School Failures Who Made It Big: What Can We Learn?


 

School FailuresIn a recent article, Bob Sullo suggested that today’s world demands an expanded set of educational goals:

  • To help students develop their individual talents and abilities
  • To help students reach their potential
  • To help students develop into happy, responsible members of their communities
  • To help students understand and appreciate the interconnectedness of all people
  • To help students respect the environment
  • To help students create and live a meaningful life

It’s easy to nod in agreement with such laudable goals. Given such diffuse and abstract targets, the first question that comes to my mind is, “Where do we begin?” Because there is much to learn about success from failure, there may much to learn about our education system from its dropouts.

Thomas Edison, Steve Jobs, Bill Gates, Mark Zuckerberg, and Jim Clark—all guys who just couldn’t cut it. Clark dropped out of high school and joined the Navy on his way to founding Netscape and becoming the first Internet billionaire. Neither Gates nor Zuckerberg made it to Harvard commencement. Jobs, the unambitious sloth, had just one semester of college. Edison takes the dropout cake: just three months of school. In his lifetime! Teachers complained that he asked too many questions and they found his curiosity a challenge to classroom management. “The Man Who Made the Twentieth Century Possible” was essentially homeschooled.

Is there something inherent in the nature of these innovative geniuses that didn’t cotton to organized schooling? Or is there something inherent in the nature of organized schooling that doesn’t accommodate radically innovative thinkers? Surely, one purpose of education is to identify and nurture the capacity for creativity and problem solving. But school was an impediment to the creative genius of these brilliant dropouts. These big-picture thinkers just couldn’t find adequate nourishment from a one-size-fits-all notion of education.

This alienation is not unique to society’s technological innovators. The modern business landscape is also populated by examples of “dropout-to-success” stories. Richard Branson, Dave Thomas, and John D. Rockefeller – just a few self-made titans of industry – never completed high school. The same goes for countless cultural living landmarks, thought leaders, public officials, and philanthropists.  Without digging too deep, this list includes Walt Disney, Jay-Z, Brooke Astor, Rosa Parks, Milton Hershey, Woody Guthrie, Samuel Gompers and more U.S. Senators and Representatives than you’d ever imagine. (President Abraham Lincoln, anyone?) No less an eminence grise than Bruce Springsteen, the poet laureate of a wide swath of America, barely made it through the twelfth grade.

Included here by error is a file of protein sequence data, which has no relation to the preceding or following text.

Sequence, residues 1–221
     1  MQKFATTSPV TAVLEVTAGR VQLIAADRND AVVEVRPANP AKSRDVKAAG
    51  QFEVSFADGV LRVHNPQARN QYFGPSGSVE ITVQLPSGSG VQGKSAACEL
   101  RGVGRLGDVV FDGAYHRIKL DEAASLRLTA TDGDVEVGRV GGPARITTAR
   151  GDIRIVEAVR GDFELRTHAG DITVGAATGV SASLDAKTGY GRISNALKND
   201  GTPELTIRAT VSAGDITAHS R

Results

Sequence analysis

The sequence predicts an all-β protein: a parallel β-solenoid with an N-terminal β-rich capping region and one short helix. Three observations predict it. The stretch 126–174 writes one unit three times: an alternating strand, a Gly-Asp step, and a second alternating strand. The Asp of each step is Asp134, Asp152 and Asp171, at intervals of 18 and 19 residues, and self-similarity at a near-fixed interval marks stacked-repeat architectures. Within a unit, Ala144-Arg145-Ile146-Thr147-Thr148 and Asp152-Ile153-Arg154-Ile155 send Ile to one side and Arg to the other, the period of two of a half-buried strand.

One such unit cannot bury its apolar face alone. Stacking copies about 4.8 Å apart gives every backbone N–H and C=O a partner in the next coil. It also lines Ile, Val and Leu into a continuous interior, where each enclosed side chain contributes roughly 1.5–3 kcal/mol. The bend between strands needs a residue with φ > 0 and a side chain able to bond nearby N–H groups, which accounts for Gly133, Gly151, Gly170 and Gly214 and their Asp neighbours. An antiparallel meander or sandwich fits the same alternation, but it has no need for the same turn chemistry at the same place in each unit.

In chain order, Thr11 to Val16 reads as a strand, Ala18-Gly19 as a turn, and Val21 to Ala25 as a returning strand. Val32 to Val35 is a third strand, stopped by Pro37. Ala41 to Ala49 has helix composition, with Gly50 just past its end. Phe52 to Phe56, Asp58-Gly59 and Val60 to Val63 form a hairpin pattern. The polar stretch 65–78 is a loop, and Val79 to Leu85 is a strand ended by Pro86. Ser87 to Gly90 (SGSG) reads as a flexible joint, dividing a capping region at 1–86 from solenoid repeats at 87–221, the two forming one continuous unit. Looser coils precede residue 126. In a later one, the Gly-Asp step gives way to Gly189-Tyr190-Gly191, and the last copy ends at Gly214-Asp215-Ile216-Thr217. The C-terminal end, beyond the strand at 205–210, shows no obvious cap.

The contributions made by these individuals are immeasurable and have undoubtedly set off a butterfly effect of social, technological, and artistic evolution that will endure far beyond their lifetimes. But they did not, or could not, find the empowerment, encouragement or inspiration for their lives’ work in secondary or advanced education. Why not? And how does that answer connect to the purpose of education, and how we may be falling short of the mark?

Disgruntled former customers are valuable sources of insight when a retailer wants to improve customer service, because we often get more helpful feedback from a dissatisfied customer than from a happy camper. Likewise, an exploration of the successes and failures of our educational structure might best begin with an exit interview its high-achieving quitters. Their feedback may help us figure out how to more successfully educate the geniuses among us.


About the author -

Alison Minion

Alison Minion is a writer and editor. In addition to Funderstanding, she has contributed to vitaljuicedaily.com, the New Jersey Jewish News and other publications. She served as the editor for the Union County (NJ) Bar Association centennial commemorative yearbook. Before leaving the publishing industry to stay home with her children, Alison was an editor of children’s nonfiction and textbooks. As an editor, much of her time was spent sitting down with a manuscript and a red pencil, researching the marketplace and reading the competition. The most valuable on-the-job training, however, was the time spent visiting schools, debriefing educators, and watching children consume texts and process material. In her life as a freelancer, she does this now most evenings while her own three sons complete their homework.


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